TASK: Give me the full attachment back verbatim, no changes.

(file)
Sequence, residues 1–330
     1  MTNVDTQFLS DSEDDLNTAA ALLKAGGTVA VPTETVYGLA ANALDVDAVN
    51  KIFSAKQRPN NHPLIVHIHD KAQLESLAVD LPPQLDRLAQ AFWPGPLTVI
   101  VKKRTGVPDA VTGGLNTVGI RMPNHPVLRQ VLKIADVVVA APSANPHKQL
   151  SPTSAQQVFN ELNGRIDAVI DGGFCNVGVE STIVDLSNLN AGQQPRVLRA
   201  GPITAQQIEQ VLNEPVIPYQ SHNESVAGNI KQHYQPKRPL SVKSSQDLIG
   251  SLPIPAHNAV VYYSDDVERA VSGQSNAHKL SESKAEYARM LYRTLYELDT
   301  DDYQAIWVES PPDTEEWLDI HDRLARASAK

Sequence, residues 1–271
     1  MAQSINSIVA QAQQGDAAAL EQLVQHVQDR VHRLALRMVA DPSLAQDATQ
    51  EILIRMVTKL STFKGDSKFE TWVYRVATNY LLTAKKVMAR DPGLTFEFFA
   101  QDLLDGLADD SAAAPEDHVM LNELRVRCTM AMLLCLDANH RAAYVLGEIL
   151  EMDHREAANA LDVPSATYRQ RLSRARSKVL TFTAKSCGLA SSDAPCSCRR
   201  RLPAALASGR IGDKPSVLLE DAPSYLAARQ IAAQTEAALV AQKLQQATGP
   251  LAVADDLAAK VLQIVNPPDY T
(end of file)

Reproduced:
Sequence, residues 1–330
     1  MTNVDTQFLS DSEDDLNTAA ALLKAGGTVA VPTETVYGLA ANALDVDAVN
    51  KIFSAKQRPN NHPLIVHIHD KAQLESLAVD LPPQLDRLAQ AFWPGPLTVI
   101  VKKRTGVPDA VTGGLNTVGI RMPNHPVLRQ VLKIADVVVA APSANPHKQL
   151  SPTSAQQVFN ELNGRIDAVI DGGFCNVGVE STIVDLSNLN AGQQPRVLRA
   201  GPITAQQIEQ VLNEPVIPYQ SHNESVAGNI KQHYQPKRPL SVKSSQDLIG
   251  SLPIPAHNAV VYYSDDVERA VSGQSNAHKL SESKAEYARM LYRTLYELDT
   301  DDYQAIWVES PPDTEEWLDI HDRLARASAK

Sequence, residues 1–271
     1  MAQSINSIVA QAQQGDAAAL EQLVQHVQDR VHRLALRMVA DPSLAQDATQ
    51  EILIRMVTKL STFKGDSKFE TWVYRVATNY LLTAKKVMAR DPGLTFEFFA
   101  QDLLDGLADD SAAAPEDHVM LNELRVRCTM AMLLCLDANH RAAYVLGEIL
   151  EMDHREAANA LDVPSATYRQ RLSRARSKVL TFTAKSCGLA SSDAPCSCRR
   201  RLPAALASGR IGDKPSVLLE DAPSYLAARQ IAAQTEAALV AQKLQQATGP
   251  LAVADDLAAK VLQIVNPPDY T